Chinese and China – Experts in Moving the Goal Posts

Here’s an article in today’s Bloomberg News:

China Rejects Open Nomination for Election of Hong Kong Leader

The Hong Kong public can’t nominate candidates for the next chief executive election under the city’s de facto constitution, China’s top official in the former British colony said, rejecting a lawmaker’s proposal.

The city’s Basic Law states that candidates for the chief executive position have to be nominated by a “broadly representative” committee, Zhang Xiaoming, director of China’s Liaison Office in Hong Kong, said in an open letter to Alan Leong, the head of the Civic Party.

 

Flags of China & Hong Kong

A Chinese national flag, left, and a Hong Kong SAR flag fly outside the Legislative Council Complex in Hong Kong. Photographer: Jerome Favre/Bloomberg

Zhang’s comments are the clearest China has made in rejecting demands from Hong Kong opposition lawmakers to allow for democracy in line with international standards in 2017, when it has pledged to allow election of the city’s leader. Chief Executive Leung Chun-ying, who was picked by a committee of billionaires, professionals and lawmakers, is facing rising calls to start consultation on arranging the vote.

“The proper way forward is to follow the Basic Law and the National People’s Congress Standing Committee’s procedures, rather than straying from the law and going the wrong way,” Zhang said in the statement published on the office’s website, as he rejected Leong’s invitation to discuss the proposal at a seminar.

Leung said in an interview in June he wants to deliver on the electoral reforms, though increased democracy may lead to China’s refusal to appoint a leader elected by the city’s people. Allowing for a full exercise in democracy in Hong Kong will also contrast with the political system in China, which has been ruled by the Communist Party since 1949.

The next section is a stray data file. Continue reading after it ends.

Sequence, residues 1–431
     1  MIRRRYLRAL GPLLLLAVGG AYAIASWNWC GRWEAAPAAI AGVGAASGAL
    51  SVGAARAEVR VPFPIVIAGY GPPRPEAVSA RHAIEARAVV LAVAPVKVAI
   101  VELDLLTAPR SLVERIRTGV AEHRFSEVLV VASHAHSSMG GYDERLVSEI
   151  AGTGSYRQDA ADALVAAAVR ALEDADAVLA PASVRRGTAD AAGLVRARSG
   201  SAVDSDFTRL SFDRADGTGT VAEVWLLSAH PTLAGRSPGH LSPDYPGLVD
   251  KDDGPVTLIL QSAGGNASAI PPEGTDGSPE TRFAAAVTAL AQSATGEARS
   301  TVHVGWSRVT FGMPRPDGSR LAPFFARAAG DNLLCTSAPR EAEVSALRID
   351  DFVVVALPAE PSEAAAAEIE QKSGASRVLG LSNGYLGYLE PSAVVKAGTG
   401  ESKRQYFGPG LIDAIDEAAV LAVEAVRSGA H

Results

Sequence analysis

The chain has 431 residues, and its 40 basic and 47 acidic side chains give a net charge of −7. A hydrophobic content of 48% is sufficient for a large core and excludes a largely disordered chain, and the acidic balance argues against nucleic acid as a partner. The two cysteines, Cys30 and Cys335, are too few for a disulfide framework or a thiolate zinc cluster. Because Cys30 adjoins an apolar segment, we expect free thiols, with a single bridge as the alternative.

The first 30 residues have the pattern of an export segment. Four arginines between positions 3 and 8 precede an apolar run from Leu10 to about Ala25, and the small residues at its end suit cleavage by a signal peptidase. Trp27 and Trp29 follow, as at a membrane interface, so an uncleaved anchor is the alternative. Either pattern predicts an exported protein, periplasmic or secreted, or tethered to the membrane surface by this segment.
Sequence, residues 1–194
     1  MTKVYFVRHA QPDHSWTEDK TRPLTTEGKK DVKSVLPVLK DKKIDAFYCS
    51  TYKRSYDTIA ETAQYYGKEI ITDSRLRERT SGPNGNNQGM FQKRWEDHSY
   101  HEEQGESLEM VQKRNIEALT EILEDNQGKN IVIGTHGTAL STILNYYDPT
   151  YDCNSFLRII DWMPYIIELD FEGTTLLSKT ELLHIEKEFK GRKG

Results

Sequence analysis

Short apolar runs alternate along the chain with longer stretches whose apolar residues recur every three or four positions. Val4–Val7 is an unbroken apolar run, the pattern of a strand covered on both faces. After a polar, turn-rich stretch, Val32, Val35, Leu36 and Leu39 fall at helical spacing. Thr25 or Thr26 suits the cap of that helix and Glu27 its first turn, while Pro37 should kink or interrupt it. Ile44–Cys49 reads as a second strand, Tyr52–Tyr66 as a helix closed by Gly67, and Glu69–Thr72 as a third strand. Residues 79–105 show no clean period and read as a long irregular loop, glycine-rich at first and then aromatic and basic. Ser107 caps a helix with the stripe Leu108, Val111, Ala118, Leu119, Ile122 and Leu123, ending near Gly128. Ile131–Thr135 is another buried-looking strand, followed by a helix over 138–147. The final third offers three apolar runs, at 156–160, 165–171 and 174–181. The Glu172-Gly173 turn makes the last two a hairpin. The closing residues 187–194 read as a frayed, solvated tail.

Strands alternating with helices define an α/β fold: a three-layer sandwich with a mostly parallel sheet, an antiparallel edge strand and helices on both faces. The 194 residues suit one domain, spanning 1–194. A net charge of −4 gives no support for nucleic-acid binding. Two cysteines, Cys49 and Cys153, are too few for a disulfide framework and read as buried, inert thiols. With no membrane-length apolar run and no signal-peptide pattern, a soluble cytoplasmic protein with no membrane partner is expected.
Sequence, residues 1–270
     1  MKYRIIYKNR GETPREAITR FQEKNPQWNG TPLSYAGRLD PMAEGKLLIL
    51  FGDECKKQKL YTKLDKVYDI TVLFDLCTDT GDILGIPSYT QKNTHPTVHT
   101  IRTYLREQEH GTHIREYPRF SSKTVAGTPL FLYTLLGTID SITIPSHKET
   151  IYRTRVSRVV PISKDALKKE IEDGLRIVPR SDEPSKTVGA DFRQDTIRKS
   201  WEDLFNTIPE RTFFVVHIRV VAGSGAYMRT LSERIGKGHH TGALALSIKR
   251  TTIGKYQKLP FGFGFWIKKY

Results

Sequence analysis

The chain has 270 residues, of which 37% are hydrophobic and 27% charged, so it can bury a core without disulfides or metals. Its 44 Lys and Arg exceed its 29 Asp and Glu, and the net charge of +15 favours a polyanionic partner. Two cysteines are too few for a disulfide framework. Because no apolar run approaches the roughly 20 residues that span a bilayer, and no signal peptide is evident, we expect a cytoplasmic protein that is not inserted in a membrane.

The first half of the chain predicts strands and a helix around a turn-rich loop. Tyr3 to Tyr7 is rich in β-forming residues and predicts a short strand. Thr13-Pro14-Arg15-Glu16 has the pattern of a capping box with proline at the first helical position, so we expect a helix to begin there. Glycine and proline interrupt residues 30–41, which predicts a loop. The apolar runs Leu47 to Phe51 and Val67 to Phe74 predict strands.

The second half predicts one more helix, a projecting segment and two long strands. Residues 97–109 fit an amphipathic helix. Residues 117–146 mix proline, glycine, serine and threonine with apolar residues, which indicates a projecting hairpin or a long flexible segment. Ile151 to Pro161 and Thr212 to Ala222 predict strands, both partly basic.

Pro-democracy groups in Hong Kong have suggested options including opening the nomination to candidates who receive support from at least 2 percent of registered voters.

China’s “One Country, Two Systems” policy granted Hong Kong its own legal system under the Basic Law for 50 years from 1997. The city allows residents civil liberties including a free press and freedom of assembly not permitted in the mainland.

Basically what China’s said was “Anything that is not stated in the Basic Law is not allowed” – Hang on a minute, Basic Law is a constitution for Hong Kong but it was NOT drafted by the people of Hong Kong and we as Hong Kongers have NO right to interpret or amend it but China has. Mind you, Chinese are the experts in moving the goal posts, so no matter what you do or say, they’ll find a way to “win the argument”.

Now, the Basic Law didn’t say anything about people of Hong Kong are allowed to breath, eat, drink, etc. We’re all breaching the law! Hurrah!

What a whole load of rubbish. By the time they’ve completed their colonisation scheme (with substantial amount of new immigrants in HK who are all CCP members/brainwashed to trust nobody but the party), of course China will have no problem about “giving” Hong Kong democracy and universal suffrage, they’ve got a lot of Chinese voting the way China wants it!